When Does Depression in Older Adults Need Treatment?
Dementia, a gradual, progressive decline of cognitive abilities not always due to Alzheimer’s disease, affects many mature adults.
The older we get, the more likely our cognition will be impaired to some degree.
But what about depression or anxiety? These are much more common and can significantly impact the quality of life of older adults. in fact, depression is widespread in this group, which has the highest suicide rate of all age groups.
As we age, our bodies go through processes that are sometimes hard to accept. Some are debilitating. We are faced with the need to rapidly adjust to a changing lifestyle. Accepting these new limitations can cause depression.
People with chronic illnesses such as diabetes, heart disease and kidney disease are more prone to depression. And people who are depressed may not take good care of themselves. it becomes a vicious circle of illness, which, if left untreated, can lead to disastrous consequences.
it is important to recognize when our older parent, grandparent or other loved one is clinically depressed. Depression in older adults, as with other age groups, is characterized by a powerful state of sadness, lack of motivation, lack of energy, irritability, feelings of worthlessness and hopelessness, sleep difficulties and sometimes thoughts of suicide.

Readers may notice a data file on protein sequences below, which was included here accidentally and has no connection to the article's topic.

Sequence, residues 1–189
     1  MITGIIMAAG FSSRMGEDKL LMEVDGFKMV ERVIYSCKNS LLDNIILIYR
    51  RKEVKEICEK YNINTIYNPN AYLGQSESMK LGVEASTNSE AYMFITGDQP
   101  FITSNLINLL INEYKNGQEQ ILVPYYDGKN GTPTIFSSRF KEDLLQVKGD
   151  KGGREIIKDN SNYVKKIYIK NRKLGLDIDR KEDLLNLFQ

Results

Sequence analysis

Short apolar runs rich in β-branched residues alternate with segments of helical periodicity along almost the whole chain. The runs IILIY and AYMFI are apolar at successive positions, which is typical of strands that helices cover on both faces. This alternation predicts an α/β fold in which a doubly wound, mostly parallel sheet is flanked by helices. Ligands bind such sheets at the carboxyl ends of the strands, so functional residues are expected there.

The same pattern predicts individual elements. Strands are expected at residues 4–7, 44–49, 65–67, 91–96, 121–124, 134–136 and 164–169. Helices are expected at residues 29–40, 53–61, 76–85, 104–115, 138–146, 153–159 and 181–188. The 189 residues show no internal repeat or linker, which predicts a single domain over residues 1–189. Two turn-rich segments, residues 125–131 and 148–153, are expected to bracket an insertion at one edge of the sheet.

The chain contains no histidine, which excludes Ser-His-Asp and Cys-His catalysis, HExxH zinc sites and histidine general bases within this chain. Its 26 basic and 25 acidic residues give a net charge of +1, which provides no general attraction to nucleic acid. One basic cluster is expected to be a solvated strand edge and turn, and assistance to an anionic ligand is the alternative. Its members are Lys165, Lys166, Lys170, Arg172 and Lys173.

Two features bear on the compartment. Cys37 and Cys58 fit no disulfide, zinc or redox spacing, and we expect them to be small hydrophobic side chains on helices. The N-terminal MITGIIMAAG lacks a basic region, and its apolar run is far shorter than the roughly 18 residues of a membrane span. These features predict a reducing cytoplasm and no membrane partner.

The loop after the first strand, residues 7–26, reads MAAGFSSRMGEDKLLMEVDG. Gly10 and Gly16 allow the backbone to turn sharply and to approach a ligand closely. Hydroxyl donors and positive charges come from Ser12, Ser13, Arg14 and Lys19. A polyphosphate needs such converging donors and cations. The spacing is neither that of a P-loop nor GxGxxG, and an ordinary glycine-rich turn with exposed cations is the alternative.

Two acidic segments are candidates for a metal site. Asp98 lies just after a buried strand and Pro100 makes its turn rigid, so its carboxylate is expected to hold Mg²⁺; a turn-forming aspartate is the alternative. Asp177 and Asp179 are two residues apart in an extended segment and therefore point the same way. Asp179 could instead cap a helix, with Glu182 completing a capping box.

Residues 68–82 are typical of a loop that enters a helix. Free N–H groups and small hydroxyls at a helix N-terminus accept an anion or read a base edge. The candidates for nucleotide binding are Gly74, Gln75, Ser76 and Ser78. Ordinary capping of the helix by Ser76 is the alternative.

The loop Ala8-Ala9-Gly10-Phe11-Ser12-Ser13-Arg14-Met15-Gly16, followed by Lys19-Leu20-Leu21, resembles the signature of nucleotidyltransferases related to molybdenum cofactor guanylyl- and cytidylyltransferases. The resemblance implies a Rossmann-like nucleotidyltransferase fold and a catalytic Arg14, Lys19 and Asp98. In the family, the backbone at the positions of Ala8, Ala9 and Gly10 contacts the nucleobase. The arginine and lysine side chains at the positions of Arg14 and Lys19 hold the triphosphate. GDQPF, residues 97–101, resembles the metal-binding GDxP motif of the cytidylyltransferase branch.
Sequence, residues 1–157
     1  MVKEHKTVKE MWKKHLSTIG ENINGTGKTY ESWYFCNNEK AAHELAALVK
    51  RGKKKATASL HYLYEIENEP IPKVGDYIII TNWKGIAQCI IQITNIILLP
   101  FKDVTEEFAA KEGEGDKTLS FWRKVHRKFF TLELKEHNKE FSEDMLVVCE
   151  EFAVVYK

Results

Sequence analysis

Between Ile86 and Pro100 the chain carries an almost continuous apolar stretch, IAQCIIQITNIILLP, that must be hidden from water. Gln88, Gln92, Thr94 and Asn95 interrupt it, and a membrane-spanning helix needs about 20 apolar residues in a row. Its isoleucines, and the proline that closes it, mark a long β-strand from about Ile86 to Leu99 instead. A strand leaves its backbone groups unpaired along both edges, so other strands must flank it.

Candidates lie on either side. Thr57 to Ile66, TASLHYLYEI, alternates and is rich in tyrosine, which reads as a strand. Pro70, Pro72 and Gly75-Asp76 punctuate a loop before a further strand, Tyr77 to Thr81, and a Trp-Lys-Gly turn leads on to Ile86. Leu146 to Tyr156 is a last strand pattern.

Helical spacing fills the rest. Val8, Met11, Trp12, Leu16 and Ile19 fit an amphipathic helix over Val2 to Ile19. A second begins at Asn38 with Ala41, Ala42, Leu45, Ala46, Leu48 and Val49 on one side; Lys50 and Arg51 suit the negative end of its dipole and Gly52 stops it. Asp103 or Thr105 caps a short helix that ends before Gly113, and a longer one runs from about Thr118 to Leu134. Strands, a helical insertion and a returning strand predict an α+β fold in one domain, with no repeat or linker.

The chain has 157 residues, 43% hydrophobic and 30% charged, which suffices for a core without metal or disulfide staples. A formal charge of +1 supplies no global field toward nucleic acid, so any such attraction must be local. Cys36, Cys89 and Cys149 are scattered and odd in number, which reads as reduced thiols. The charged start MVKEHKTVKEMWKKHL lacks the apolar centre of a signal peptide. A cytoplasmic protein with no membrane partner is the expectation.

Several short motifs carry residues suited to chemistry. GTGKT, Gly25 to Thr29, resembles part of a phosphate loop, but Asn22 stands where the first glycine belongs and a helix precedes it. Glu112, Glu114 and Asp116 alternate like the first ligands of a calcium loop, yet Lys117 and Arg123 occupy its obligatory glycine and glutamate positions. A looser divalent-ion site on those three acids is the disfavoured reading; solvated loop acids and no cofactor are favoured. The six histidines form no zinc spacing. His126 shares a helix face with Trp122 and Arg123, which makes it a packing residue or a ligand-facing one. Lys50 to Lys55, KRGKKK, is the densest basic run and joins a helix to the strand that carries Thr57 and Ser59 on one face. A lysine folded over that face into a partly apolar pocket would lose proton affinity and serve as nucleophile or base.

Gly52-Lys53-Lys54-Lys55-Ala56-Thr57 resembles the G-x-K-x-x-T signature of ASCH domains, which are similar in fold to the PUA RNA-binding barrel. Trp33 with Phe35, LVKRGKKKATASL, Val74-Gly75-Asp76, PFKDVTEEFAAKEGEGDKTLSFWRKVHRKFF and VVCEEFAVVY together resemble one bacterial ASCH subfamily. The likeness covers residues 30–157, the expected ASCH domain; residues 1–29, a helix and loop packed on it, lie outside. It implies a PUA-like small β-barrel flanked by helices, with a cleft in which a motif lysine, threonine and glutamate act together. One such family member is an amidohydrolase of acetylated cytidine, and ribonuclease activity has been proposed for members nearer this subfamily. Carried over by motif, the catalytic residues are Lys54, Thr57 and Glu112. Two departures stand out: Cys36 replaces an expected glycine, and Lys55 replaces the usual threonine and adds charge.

One condition seen in depression at a later age but not often in younger people is pseudodementia, which looks like dementia but is not. When the depression is treated, the “dementia” goes away. Antidepressants available today are safe and well-tolerated, and can make an amazing difference in the quality of life of older adults.
Talk with the older adults in your life about depression. if you have any
concern that they might be depressed, ask them to see a professional. You can make a huge difference in their life, and add many years to it.
By Wojciech Zolcik, MD
Medical Director, Lutheran's Senior Behavioral Health
»Get Help Now
For more information about Lutheran’s Senior Behavioral Health program or to make a referral for an older adult in your life, call 303-467-4080 or visit westpinesrecovery.org/sbh.